Fresh water in Transylvania / J.Thomson

In my view there are compelling reasons to increase the amount and quality of outdoor education in schools. We have an unprecedented environmental crisis that is accelerating the decline of ecosystems worldwide on the one hand, and a crisis of mental health, disconnection and loss of hope in many young people on the other. The Covid-19 Virus and its social, economic and political consequences is making our interdependence clear on so many levels, and challenging us to adapt in new ways to limit the spread of the pandemic whilst also maintaining positive relationships and attitudes.

Atlas Moth in Thailand / J.Thomson

It has been demonstrated that nature connectedness improves mental health and wellbeing and also increases the likelihood that the individual will make positive interventions that conserve nature. In other words, it benefits both the natural world and human wellbeing. Nature connectedness doesn’t just mean being surrounded by greenery, exercising in nature or going for holidays in beauty spots. It is an active engagement with nature through attention of the senses, connecting emotionally, seeing beauty and harmony, finding meaning in the natural world, and feeling compassion for all living things. (check out this article for more in-depth on the subject)

I am in the Yilan Province of Taiwan, working with CiXin Waldorf School in Dongshan to enhance their outdoor education curriculum right through from Years 1 to 13, but focusing on the high school.   The goal is to use outdoor education to let the students grow in their self confidence, their physical and mental resilience, their agility to learn new things, their understanding of their place in the world and their nature connection. In this way we can hope that the students will move on into their lives with a sense of meaning, purpose and empowerment to participate in the world with confidence, offering unique strengths and value.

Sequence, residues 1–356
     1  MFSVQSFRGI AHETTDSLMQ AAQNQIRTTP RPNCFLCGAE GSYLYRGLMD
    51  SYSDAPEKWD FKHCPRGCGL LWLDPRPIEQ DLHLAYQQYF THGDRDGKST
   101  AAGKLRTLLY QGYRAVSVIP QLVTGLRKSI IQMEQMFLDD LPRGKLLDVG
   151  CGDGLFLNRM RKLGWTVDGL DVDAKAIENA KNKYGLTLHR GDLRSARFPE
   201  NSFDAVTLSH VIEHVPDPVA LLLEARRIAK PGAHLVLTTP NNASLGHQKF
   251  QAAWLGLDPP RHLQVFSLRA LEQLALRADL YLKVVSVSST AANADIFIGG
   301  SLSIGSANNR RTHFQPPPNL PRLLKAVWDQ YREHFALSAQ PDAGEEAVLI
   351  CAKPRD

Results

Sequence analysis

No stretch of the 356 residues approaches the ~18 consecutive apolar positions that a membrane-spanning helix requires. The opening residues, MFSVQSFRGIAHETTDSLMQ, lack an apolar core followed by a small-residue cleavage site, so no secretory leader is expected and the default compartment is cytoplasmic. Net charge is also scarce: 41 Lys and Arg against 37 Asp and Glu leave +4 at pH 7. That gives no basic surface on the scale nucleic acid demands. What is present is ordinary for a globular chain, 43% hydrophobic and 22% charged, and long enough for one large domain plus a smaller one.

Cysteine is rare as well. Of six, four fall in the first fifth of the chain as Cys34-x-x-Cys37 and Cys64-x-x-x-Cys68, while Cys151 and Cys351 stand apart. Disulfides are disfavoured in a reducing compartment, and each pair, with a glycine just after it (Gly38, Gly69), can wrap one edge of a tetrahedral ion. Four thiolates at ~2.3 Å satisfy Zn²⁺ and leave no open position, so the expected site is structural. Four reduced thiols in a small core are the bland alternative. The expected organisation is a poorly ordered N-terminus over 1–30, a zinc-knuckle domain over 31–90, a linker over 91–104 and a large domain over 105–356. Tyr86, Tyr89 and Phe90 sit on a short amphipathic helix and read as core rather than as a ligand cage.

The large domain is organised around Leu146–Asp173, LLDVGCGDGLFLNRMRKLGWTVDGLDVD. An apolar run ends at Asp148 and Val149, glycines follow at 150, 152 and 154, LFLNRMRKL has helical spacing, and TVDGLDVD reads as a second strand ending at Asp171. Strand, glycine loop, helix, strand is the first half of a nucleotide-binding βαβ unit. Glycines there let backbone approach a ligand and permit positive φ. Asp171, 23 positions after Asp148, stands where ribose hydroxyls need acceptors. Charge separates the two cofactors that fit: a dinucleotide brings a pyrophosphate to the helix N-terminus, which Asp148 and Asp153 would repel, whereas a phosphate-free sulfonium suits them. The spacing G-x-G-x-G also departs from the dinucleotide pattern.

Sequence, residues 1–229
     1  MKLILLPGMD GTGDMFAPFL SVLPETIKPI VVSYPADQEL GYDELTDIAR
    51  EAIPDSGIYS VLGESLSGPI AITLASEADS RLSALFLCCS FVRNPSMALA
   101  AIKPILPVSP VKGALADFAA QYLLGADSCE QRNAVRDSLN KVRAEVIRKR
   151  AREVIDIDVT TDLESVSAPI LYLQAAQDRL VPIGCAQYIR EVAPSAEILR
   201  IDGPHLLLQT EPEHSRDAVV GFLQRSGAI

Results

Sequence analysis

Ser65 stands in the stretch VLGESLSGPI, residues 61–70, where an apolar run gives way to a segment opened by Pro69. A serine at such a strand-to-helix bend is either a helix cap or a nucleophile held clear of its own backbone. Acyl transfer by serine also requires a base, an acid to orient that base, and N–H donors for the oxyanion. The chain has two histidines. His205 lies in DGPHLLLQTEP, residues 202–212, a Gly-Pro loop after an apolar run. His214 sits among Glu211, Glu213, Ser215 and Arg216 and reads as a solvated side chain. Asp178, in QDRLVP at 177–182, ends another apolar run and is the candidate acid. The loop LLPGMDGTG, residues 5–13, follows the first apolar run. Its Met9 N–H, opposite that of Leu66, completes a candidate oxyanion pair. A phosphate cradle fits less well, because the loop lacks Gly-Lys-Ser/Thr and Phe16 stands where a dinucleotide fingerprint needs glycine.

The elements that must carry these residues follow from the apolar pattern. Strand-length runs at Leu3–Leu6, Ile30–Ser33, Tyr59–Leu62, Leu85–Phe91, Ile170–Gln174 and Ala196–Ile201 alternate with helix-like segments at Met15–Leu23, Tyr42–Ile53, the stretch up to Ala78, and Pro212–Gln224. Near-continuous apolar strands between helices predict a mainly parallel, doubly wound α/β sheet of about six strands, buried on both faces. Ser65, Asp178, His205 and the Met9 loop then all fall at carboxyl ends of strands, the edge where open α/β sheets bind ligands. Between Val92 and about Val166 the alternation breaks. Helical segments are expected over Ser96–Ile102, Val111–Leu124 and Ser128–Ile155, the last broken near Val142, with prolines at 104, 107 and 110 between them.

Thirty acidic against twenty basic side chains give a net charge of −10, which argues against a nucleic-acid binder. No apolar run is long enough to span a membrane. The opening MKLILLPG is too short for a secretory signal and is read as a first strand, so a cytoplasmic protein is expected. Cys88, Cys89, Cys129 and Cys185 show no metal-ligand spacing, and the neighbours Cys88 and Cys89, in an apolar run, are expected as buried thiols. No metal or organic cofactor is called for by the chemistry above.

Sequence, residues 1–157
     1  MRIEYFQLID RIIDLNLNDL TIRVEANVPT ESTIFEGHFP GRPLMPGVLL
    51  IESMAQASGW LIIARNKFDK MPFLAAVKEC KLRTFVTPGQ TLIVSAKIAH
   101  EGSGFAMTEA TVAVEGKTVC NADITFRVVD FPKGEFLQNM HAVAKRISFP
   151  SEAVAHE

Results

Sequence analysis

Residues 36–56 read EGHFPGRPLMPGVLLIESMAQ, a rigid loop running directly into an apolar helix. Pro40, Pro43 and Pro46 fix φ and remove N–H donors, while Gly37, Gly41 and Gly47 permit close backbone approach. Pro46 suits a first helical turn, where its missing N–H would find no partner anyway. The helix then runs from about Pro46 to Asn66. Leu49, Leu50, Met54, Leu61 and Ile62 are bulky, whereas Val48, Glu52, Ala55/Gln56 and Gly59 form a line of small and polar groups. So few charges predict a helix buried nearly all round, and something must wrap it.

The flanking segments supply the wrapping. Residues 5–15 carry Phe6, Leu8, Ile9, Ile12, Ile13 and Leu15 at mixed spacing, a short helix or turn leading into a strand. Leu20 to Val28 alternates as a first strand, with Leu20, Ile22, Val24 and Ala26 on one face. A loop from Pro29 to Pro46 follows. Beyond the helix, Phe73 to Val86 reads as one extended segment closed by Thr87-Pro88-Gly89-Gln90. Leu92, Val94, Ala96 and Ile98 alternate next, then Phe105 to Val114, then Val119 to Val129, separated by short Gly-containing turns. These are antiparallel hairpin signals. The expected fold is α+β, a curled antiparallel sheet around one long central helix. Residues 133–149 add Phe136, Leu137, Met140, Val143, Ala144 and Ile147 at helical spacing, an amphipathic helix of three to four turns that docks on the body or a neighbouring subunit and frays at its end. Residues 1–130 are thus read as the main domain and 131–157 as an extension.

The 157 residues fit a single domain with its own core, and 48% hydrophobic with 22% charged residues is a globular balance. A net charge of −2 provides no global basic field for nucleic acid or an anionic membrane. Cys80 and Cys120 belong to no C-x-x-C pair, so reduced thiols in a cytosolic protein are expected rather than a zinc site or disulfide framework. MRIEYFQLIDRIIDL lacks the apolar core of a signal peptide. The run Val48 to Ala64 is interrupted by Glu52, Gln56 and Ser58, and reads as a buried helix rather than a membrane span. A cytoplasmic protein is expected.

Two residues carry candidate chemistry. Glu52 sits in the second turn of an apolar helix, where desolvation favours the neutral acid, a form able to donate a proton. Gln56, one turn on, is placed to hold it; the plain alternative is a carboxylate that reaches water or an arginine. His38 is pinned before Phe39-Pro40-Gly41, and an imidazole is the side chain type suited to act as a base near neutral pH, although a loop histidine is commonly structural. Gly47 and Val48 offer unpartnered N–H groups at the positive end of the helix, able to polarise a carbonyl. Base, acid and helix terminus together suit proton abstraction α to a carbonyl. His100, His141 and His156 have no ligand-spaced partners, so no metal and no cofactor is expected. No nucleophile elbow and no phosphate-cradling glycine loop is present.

My time with the school involves working with the teachers and administrators to develop a heightened vision for the outdoor programme, review the present offerings and explore opportunities to enhance or add to the various outdoor activities that are already in place.

As part of this process I have been invited by the teachers to explore the region of the NE of Taiwan to help find opportunities for creating new outdoor learning experiences for the various classes.

This video gives an idea of the forests that are not far from the school. We visited them one day to assess their potential for outdoor activities:

1 thought on “A nature connection curriculum in Taiwan”

  1. Not sure how the Ashburton Museum and Historical Society logo go there but I guess because I use wordPress to manage and write the Society website it pops up somehow. For my sins I am the president but I also try to include biographies of geologists to help explain how we got where we are in our geological conceptua journeys.

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